In Cantonese, I've heard people use 番薯 as an insult to people or objects before, like calling a stupid person 大番薯 or calling a useless object 生番薯. Can someone whom speaks Cantonese enlighten me on why is 番薯 used as an insult. I never expect sweet potatoes to be synonymous with stupid or useless!

  • 2
    Potato-head means the same thing in English!
    – dROOOze
    Apr 29, 2021 at 13:47

2 Answers 2


i suspected that it’s the influence of a comic called “old master q” (老夫子)


one of the main characters is named “big potato” (大蕃薯), a short, fat, and; stupid guy.

one might guess the rest, from such stereotype 😸

enter image description here


Searching 番薯 doesn't show any slang/insult-related result.

When I hear people say 成嚿蕃薯噉 (being dumb), I imagine 蕃薯 was food for poor people who couldn't afford rice. Due to the typical stereotype of rural farmers who were mostly poor, and the presumption of poor people were less intelligent, the term 蕃薯 was linked to dumbness by association with the poor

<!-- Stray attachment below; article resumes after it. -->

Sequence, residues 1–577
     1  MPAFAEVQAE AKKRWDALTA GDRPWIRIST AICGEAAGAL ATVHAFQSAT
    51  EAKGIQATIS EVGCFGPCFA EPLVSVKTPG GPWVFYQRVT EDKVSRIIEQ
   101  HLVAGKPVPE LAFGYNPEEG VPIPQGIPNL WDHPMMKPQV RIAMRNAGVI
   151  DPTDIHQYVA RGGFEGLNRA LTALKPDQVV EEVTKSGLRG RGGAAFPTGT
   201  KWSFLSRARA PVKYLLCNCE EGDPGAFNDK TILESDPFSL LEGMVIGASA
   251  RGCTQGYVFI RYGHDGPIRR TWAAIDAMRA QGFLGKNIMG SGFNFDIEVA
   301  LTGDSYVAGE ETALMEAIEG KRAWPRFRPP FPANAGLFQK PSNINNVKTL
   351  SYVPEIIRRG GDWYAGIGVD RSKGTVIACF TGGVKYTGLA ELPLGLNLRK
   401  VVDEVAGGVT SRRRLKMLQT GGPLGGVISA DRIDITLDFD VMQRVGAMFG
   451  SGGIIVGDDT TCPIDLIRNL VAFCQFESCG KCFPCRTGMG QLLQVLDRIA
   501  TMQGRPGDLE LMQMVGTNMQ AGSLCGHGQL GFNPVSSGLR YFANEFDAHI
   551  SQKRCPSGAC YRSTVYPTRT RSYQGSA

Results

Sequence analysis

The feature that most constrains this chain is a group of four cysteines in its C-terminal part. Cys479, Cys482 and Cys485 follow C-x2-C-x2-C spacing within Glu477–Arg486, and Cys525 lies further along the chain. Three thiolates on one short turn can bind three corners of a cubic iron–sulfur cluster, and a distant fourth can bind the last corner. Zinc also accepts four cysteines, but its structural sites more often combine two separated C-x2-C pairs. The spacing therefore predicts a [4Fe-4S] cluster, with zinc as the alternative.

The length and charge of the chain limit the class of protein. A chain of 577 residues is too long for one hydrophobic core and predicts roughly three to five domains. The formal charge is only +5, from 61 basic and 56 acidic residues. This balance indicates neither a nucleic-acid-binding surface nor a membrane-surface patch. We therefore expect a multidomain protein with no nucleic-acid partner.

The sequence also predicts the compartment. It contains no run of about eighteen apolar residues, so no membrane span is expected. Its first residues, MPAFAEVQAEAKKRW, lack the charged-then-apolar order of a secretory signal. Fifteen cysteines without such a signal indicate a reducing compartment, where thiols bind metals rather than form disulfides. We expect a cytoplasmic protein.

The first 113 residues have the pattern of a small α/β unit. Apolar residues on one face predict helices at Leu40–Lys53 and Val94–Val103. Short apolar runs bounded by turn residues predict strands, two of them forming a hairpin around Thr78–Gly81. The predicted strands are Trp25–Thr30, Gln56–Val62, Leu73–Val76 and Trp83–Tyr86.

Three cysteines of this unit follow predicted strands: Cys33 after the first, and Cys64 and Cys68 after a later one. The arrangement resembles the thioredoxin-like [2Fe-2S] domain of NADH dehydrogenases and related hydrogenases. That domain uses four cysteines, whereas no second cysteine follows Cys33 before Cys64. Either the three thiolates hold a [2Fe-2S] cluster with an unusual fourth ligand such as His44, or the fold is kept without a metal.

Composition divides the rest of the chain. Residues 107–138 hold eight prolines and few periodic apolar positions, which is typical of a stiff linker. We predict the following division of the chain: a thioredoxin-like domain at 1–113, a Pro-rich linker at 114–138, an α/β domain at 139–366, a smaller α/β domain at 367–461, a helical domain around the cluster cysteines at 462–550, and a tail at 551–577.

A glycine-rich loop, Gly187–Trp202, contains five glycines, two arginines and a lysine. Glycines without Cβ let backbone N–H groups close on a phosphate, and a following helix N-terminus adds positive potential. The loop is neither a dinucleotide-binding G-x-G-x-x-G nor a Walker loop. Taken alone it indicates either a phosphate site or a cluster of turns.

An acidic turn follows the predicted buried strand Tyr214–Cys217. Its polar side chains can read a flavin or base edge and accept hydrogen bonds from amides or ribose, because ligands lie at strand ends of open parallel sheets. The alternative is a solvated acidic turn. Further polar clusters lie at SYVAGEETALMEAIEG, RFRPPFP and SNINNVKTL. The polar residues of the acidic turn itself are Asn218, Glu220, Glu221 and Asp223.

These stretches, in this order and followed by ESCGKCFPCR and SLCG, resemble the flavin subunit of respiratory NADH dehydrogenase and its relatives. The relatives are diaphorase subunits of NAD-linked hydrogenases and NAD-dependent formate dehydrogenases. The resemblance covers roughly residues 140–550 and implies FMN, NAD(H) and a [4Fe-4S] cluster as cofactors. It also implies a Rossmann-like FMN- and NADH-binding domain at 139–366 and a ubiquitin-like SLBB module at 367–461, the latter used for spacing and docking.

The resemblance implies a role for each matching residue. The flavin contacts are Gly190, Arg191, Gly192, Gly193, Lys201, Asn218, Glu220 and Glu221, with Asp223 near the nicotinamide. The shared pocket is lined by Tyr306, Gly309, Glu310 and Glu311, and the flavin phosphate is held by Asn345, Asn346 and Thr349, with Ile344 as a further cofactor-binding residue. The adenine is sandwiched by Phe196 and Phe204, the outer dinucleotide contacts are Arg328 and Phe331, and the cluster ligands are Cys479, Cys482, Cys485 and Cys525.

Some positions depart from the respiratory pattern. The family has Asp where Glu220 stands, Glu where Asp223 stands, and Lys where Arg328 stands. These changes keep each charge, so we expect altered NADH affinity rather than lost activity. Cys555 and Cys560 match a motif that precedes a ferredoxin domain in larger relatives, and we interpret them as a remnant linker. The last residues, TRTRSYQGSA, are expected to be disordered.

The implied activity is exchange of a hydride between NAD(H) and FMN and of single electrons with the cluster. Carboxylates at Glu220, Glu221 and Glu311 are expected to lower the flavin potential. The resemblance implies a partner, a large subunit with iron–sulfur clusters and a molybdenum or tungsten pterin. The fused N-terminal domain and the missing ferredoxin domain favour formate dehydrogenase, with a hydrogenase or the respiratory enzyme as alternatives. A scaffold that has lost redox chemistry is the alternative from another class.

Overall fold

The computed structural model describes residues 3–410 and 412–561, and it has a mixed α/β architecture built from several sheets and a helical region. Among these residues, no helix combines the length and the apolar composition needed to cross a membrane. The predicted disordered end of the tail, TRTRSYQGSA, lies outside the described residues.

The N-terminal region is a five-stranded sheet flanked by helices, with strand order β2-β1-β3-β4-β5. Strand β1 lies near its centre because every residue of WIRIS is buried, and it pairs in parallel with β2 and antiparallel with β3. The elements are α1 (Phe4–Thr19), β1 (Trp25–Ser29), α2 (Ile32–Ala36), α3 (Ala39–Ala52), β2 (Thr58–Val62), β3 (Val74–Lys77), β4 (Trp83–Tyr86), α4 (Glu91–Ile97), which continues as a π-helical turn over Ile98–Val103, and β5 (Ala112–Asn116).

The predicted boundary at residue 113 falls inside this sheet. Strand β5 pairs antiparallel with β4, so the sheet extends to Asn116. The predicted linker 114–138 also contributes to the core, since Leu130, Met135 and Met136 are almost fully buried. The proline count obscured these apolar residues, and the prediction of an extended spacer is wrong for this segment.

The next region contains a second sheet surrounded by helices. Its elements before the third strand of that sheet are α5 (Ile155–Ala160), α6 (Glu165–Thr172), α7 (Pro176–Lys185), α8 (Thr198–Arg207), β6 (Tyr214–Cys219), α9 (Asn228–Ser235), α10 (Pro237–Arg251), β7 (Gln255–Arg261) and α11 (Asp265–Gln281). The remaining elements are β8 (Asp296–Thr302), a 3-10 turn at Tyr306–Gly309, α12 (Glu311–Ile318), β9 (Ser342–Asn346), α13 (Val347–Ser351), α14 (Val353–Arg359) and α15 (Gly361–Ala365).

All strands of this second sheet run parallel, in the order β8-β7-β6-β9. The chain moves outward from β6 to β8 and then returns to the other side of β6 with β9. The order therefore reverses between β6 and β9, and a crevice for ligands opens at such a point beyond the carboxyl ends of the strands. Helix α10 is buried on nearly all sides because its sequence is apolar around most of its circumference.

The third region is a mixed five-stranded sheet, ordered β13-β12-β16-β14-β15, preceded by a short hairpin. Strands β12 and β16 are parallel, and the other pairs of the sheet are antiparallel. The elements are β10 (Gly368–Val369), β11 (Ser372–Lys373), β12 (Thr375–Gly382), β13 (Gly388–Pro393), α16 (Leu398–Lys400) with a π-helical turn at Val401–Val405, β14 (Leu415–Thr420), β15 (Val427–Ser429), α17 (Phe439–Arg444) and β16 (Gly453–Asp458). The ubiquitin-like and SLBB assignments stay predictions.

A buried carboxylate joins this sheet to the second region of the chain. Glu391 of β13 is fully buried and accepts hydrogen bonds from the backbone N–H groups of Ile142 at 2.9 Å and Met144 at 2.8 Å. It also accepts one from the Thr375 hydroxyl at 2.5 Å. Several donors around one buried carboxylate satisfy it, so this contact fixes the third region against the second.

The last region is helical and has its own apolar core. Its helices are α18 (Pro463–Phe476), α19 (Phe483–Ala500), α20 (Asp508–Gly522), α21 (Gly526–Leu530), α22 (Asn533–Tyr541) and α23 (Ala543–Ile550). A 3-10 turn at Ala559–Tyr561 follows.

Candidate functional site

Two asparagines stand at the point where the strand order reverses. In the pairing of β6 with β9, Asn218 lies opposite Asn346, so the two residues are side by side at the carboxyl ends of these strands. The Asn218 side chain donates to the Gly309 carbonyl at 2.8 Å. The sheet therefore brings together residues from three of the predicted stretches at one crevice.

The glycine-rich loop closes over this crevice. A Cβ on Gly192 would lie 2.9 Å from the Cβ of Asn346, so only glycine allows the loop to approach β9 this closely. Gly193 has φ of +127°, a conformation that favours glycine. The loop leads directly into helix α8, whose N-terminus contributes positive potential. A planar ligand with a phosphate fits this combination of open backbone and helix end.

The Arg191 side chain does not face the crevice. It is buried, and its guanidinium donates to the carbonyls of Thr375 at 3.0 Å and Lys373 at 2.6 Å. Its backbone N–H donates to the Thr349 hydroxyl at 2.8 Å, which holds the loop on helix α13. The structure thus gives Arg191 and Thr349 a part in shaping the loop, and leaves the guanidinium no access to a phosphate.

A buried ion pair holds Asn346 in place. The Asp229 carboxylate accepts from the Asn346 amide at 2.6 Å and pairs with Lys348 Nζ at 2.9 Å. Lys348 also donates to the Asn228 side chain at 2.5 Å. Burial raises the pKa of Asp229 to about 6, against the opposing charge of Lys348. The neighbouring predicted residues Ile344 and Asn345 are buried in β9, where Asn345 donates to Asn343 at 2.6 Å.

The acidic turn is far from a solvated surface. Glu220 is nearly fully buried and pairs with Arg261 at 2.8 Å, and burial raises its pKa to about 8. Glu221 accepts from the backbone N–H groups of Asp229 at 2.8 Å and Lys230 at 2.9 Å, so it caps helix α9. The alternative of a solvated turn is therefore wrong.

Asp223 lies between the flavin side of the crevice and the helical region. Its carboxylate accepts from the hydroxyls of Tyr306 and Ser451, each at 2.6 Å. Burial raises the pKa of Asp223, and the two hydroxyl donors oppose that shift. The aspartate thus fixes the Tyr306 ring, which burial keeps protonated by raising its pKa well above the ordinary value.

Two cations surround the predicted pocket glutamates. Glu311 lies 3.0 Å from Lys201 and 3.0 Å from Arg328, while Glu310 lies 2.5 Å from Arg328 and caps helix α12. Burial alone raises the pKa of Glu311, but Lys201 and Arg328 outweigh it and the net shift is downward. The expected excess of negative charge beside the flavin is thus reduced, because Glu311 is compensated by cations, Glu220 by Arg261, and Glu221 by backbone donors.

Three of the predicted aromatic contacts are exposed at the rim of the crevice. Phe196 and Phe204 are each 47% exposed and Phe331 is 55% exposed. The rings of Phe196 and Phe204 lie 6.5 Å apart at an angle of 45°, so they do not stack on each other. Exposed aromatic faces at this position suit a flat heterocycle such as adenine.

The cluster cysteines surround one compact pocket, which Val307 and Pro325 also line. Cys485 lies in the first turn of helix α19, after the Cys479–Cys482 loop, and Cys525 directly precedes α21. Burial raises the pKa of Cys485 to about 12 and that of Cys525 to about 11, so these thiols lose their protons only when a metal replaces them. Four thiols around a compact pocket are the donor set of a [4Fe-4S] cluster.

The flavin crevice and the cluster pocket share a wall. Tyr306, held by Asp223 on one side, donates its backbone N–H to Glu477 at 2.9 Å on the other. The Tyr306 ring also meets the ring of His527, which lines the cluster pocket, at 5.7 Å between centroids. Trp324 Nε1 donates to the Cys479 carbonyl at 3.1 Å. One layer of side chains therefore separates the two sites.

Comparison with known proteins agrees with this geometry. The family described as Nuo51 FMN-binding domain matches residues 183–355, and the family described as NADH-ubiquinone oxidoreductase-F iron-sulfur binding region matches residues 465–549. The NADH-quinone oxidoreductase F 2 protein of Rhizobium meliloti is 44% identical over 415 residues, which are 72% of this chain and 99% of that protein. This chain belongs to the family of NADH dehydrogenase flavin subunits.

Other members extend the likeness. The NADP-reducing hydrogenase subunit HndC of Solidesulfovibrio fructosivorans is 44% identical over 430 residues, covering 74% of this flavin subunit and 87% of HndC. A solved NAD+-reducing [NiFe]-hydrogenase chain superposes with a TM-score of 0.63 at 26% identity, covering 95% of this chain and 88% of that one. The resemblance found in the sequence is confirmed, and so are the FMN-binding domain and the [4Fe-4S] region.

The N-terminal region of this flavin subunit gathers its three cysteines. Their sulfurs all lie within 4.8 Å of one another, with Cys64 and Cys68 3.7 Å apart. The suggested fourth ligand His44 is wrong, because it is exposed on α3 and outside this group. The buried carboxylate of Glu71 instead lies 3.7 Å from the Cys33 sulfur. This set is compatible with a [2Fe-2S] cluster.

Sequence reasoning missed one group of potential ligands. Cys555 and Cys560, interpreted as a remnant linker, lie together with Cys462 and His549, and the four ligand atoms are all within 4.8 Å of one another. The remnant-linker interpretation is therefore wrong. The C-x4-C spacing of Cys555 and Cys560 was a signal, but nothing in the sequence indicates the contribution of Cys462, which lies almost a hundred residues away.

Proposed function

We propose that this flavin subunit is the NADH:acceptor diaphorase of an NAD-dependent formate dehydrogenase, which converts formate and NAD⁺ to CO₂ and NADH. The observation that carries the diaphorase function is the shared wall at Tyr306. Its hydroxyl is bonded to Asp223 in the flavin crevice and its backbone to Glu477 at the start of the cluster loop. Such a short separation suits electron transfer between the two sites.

蕃薯 is dense and simple and it is commonplace item.

When people looking for a metaphor, commonplace items are the obvious choices, that's why we used 豬 to be a symbol for stupid, not because pigs are stupid but because the farmers saw pigs more often than any other animal. There are many immobile objects, but we use 成碌木 (like a pillar of wood) for the metaphor of 'inaction' because wood is commonplace item

In any case, the character 大蕃薯 in the Hong Kong comic Old Master-Q certainly popularized the use of 蕃薯噉 (like a sweet potato --> being dumb) as an insult

enter image description here

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    I don't know about HK Cantonese, but in S.E .Asian Cantonese, 种蕃薯, (to plant sweet potatoes), means to die. So, to tell someone to go 种蕃薯 is to tell that person to die; much like "Go to Hell" This derogatory phrase has been around way before the 老夫子 comics. Not aware of its origin though. Apr 30, 2021 at 4:00

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